University of Southern California

here Are No Second Chances
October 30, 2010 • by Shantanu Dutta

Dear Friends of Marshall:

Not where I come from.  Growing up in Allahabad, India, I knew that my entire future was determined by one test -- the crucial board exam after high school.  In India, students get one shot at this test.  Do poorly, and you will fail to get into a good college, and graduation from a good college is highly correlated with your earning potential.  As a result, Indian high schools are much more competitive than their counterparts in the United States.  That funnels into more rigorous studies in college business schools. 

Today, there is a global market for talent.  The graduates from those Indian business schools are the competition our American business school students face.  They will graduate having been forged in much more competitive fires than Americans can know. 

How can we at USC Marshall School of Business compete?  In part by growing every year in our intellectual footprint and ambition.  By engaging our students in a dynamic study of the global economy.  By asking all of our graduates to spend time abroad and gain a savvier global mindset.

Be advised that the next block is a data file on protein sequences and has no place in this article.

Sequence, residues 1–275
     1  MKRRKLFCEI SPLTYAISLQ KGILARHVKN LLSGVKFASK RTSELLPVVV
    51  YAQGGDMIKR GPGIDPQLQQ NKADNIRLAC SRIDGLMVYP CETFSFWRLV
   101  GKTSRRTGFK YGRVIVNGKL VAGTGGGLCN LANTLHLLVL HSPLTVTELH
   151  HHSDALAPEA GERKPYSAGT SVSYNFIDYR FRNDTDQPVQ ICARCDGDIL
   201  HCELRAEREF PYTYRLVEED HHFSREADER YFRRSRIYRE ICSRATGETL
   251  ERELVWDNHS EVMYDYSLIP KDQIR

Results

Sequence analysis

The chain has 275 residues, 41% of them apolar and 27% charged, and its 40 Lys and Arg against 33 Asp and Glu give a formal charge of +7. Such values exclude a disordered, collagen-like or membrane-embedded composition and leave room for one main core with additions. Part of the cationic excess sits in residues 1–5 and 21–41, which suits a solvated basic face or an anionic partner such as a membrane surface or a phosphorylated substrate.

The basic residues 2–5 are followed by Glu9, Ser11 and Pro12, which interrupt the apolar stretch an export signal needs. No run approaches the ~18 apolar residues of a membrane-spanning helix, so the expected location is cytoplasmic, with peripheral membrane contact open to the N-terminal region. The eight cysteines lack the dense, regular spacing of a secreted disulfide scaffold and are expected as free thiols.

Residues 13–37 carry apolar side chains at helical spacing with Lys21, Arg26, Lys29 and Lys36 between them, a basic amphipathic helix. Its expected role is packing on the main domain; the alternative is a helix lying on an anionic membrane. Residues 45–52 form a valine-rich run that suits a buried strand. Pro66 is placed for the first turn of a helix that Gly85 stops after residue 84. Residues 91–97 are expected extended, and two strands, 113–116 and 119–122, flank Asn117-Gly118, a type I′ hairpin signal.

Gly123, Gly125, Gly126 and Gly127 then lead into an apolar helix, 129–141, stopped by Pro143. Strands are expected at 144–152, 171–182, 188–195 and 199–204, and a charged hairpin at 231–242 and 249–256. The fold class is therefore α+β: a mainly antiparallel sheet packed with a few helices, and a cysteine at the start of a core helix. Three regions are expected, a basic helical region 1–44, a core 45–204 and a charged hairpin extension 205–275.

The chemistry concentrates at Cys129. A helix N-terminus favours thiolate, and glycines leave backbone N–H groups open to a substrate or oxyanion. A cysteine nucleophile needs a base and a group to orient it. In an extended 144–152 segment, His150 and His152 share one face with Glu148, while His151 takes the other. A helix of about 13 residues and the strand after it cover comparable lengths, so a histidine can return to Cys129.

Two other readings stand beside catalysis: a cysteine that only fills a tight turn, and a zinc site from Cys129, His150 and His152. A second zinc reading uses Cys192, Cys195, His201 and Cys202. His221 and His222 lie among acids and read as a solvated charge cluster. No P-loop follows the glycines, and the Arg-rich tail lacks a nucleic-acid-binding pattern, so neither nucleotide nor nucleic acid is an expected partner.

And we are succeeding in these goals.  The Marshall reputation is increasing both at home and abroad, and we are establishing ourselves as preeminent in thought leadership.  This very weekend, we are hosting a Global Conference in Taipei.  But the kind of global experiential learning we encourage is expensive.  When we send students to China, Singapore, Africa, Brazil, India, Japan, and Russia -- we are giving them invaluable experience, but an experience that requires increased institutional resources.

[firstname], I hope you'll join me in supporting the global learning that USC Marshall School of Business is pioneering.  We don't want our students to just have one chance at success.

Yours truly,

Shantanu Dutta
Vice Dean, Marshall School of Business